The president of the European Commission has said he is "quite confident" that a deal over Britain's relationship with Brussels will be struck next month.
The UK's demands are "very difficult issues" to work out but a "permanent solution" will be found when leaders meet, Jean-Claude Juncker said.
David Cameron wants an exemption from the commitment to "ever-closer union", restrictions on benefits for migrants, protection from eurozone integration and improvements in competitiveness.
But the Prime Minister faced warnings from fellow leaders last month that his proposals could be "unacceptable".
At a press conference in Brussels, Mr Juncker said all of the demands put forward were tough to resolve but the calls for welfare changes were particularly difficult.
He added: "All of these are very, very difficult issues that we have to work hard in these days to come to common, not only ideas, but agreements.
"I'm not optimistic, I'm not pessimistic."
He added: "I'm quite sure that we will have a deal, not a compromise, a solution, not a weak compromise, a permanent solution in February."
It comes as George Osborne said no planning is being done by the Treasury for the consequences of Britain voting to leave the EU.
The Chancellor said the "essential pieces" of Mr Cameron's push to secure a reformed relationship to persuade voters to back continued membership were falling into place.
Speaking after talks in Berlin with counterpart Wolfgang Schauble, he said Germany and France were among an emerging consensus that Britain was making a "perfectly reasonable case for change" that could benefit the whole bloc.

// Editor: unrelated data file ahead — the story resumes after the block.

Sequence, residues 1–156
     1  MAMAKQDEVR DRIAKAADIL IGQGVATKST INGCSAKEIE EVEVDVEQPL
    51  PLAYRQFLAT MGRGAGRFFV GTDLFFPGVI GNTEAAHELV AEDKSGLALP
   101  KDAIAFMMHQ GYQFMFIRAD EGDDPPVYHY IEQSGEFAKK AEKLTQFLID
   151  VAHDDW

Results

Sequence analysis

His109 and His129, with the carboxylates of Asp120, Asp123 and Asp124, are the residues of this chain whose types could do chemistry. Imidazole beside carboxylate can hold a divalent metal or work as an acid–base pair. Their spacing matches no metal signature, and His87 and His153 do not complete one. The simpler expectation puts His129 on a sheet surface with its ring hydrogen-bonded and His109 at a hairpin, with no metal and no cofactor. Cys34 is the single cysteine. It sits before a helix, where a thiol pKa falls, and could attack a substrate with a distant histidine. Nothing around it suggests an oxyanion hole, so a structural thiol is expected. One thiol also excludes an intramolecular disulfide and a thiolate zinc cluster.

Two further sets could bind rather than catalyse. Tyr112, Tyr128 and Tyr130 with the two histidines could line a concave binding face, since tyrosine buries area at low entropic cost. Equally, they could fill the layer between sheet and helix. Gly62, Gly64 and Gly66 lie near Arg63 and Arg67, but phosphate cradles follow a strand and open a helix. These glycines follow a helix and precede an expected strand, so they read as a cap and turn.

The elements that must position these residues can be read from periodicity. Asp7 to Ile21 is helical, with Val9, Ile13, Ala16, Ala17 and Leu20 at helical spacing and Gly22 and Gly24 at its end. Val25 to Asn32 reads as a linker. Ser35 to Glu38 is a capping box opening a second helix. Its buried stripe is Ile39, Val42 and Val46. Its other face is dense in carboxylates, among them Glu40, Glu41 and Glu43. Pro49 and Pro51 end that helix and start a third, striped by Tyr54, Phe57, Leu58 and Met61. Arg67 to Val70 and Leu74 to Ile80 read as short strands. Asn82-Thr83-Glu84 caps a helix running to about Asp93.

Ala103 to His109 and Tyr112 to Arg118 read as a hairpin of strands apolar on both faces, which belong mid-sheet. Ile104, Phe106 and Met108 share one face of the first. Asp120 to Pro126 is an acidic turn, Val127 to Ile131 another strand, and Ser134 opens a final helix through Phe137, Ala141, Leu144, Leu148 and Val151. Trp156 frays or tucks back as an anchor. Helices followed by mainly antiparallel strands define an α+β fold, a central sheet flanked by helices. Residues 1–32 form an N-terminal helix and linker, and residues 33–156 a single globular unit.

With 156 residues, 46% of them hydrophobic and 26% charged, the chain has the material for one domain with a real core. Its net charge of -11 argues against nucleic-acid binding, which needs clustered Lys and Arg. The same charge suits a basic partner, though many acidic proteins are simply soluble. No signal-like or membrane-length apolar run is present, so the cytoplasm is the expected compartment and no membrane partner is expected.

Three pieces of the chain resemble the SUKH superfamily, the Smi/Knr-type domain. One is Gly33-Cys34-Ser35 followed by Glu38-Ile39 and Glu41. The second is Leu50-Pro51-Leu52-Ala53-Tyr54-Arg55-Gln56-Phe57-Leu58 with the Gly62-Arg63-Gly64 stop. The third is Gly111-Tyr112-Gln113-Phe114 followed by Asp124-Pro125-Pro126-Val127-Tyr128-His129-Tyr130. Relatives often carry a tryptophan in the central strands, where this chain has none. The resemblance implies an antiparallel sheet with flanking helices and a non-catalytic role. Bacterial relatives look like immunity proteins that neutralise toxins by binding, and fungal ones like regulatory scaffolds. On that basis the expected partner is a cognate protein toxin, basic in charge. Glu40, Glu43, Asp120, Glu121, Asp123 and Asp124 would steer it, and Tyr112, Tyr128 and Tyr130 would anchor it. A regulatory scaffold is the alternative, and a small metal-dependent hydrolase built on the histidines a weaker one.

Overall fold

He dismissed the prospect of a second vote, insisting the referendum would settle the question of Britain's membership for at least a generation and probably for his lifetime.
Asked if Treasury officials were drawing up plans for Britain leaving the EU, Mr Osborne told BBC2's Newsnight: "No, the Treasury is 100% now focused on achieving the renegotiation.
"That is where the resources of the Treasury are deployed."
Mr Osborne joined the Prime Minister in insisting he had not ruled out campaigning to leave the EU if a deal could not be struck but said he was "optimistic" an agreement could be reached.
"Just a few weeks before a crucial European Council where we're going to make these decisions ... I see the essential pieces of the deal falling into place."
London mayor Boris Johnson is among those who have suggested that a public endorsement of Brexit could prompt fresh negotiations on an improved deal to put to the public.
"There's no second vote. This is the crucial decision of our lifetimes," Mr Osborne said.
Responding to Mr Juncker's comments, a Downing Street spokesman said: "We have always said that we will be driven by substance, rather than schedule.
"Clearly, if we can get the deal done in February, then that will be good progress.
"But, ultimately, the most important thing is getting the renegotiations done and getting the best possible deal and bringing that back for the British people."
The spokesman said pro-European Education Secretary Nicky Morgan had not breached the terms of Mr Cameron's instruction to ministers not to campaign for either the Remain or Leave side until his negotiations are complete.
Speaking in The House magazine about the renegotiation, Ms Morgan said: "I am expecting that the Prime Minister will be successful and I will be expecting to campaign to stay in."
The spokesman said this was within the terms of Mr Cameron's letter earlier this week, in which he told ministers that collective Cabinet responsibility would be suspended once the negotiations were concluded, but that until then they should "continue to support the position set out in our manifesto".